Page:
[info]This blog will show you: How to repair a presentation before you start with 12 points on slide show effectiveness.[/info]
The wrecking formula is quite simple. Plenty of slides with lots of text, little or no practice, and insufficient time to prepare – in other words, the modus operandi of the majority of presenters in our modern day. Truth is more people than ever are being subjected to appalling presentations by people who should know their stuff and think they know how to present but don’t, primarily due to a combination of ignorance, arrogance and work pressure. But you can unWreck your presentation if you put these tips in place before you go live.
Before we continue, let’s deal with something important. Can you get away with not having a PowerPoint slideshow? Yes, you can. In fact, no slide show is better than a bad one. Well then, why bother? Because a great slide show can dramatically enhance the power of your message under the right circumstances. Assuming that you can see, did you know that of your five senses, the eyes provide you with by far the most information each day. Although your words have a significant impact during a presentation, this may explain why a poor slide show does such immense damage to a presentation. The purpose of a slideshow is to enhance your performance, not replace it. So then, what are the secrets? The following tips will make your slide show look far more professional, and take you a quarter of the time to put it together.
1. Use slides to illustrate key points, not every point. A presentation with 15 slides is far more powerful than one with 35 slides. It also takes far longer to prepare 35 slides and usually cuts into your practise time. There – I’ve just cut your preparation time down by more than half and we’ve only just started!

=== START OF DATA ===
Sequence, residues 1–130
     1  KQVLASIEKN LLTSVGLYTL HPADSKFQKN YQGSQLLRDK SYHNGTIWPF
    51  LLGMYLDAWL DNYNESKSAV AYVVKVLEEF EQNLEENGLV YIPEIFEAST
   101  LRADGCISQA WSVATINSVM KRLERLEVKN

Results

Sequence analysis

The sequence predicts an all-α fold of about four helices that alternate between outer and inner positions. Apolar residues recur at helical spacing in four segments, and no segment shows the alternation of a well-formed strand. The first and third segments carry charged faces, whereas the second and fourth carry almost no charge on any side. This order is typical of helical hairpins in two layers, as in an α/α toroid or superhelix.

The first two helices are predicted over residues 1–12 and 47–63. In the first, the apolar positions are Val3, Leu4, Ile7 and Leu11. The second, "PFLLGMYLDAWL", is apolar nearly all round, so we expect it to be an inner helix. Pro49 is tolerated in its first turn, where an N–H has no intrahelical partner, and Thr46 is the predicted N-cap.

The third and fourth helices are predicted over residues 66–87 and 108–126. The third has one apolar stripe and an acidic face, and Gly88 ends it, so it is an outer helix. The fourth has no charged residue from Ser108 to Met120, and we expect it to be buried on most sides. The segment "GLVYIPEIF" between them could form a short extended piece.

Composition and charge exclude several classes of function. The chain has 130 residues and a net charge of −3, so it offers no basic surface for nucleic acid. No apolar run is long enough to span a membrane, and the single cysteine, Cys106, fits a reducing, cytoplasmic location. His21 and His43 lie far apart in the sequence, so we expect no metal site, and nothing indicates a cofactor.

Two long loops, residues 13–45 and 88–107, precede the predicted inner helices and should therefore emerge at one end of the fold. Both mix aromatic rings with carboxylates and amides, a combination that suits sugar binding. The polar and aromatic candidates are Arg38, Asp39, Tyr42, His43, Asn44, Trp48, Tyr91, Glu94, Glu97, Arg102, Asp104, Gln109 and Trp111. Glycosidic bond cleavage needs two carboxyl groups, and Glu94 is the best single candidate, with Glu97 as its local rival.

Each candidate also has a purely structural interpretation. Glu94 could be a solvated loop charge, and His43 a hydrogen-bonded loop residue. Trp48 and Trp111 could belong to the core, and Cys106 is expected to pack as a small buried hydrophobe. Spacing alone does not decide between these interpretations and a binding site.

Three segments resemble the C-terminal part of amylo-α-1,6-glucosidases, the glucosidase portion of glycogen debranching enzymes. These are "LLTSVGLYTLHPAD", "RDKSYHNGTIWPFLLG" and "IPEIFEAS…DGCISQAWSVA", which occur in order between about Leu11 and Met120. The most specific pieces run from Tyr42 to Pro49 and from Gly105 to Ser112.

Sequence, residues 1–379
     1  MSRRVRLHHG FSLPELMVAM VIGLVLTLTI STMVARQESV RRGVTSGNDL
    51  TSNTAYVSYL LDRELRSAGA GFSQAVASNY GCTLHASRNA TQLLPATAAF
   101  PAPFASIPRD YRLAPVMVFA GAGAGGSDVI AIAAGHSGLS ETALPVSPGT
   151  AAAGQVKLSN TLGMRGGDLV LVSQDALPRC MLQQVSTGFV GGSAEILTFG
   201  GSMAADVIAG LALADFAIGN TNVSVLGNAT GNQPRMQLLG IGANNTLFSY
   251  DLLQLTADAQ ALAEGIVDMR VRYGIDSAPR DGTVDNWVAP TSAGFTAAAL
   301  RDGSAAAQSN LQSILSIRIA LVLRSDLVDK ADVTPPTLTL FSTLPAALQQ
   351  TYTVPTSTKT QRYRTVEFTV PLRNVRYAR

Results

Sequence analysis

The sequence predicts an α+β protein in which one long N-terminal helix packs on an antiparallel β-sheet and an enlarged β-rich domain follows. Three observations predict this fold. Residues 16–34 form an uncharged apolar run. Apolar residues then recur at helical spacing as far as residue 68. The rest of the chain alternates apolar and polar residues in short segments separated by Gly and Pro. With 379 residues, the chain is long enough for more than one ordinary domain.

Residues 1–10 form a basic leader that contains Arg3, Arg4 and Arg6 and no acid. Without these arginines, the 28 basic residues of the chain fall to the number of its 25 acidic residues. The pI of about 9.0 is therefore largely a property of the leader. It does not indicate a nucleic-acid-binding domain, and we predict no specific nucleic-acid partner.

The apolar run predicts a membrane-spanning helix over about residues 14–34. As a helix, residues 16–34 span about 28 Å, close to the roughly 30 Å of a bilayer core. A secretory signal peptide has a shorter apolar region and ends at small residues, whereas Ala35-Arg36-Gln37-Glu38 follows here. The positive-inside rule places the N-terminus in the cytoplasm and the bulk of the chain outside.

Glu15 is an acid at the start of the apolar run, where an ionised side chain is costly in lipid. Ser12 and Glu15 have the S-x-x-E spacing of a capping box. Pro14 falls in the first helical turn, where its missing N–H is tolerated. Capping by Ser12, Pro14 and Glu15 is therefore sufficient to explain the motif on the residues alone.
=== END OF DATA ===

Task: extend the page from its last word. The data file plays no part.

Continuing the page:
2. Use the same font throughout your slideshow. Choose one font that looks good and stands out well – and stick to it. Also remember that if you go below font size 32 on a slideshow you run the risk of people at the back not being able to read it (not to mention that you’ll be tempted to write too much!).
3. Keep points brief and avoid sentences – especially long ones. If you use a long sentence make sure it’s the only text on that particular slide – apart from your heading.
4. Clipart died at Christmas in 2001 when Santa got stuck in the chimney after one helping too much of Christmas pud, and various attempts to resuscitate it have failed. Use photos and the occasional graph.
5. A standard slide has a heading, some bullet points and a photo. The old company template, a favourite with company directors, with logo perched in the corner bottom right like your Gran’s ancient ailing parrot is a bit “yesterday” and just distracts the viewer from the message.
6. Once you’ve chosen a transition that you like, it’s best to use that same transition throughout. If you’re going to use different transitions, it’s going to take you much longer and you’ll need to check the show a few times to make sure they work.
7. On the menu bar at the top, use the “Custom Animation” tab to bring points in as you discuss them. If you’re not familiar with PowerPoint, it takes some tinkering to get the hang of it.
8. If you’re going to chat to your audience about other things in between your slides, place a black slide in between.
9. Simple slides are more effective than cluttered ones. Avoid too many special effects.
10. Eliminate all unnecessary text. Pictures are always better. Long headings must go. In fact , ask yourself if you need them at all?
11. If you feel you don’t have the time to learn how to use PowerPoint effectively by tinkering around, it may be worth investing in a one or two-day practical course to learn the tricks.
12. Review the flow of your slideshow at least twice before going into the first of your two or three practise sessions. If you find that you have a slide that does not enhance your overall message – scrap it, no matter how attached to the slide you’ve become.
And just by the way, if you’re still using overhead transparencies, don’t despair. A good OHP presentation knocks the socks off a bad PowerPoint show, and will still do so in 2020.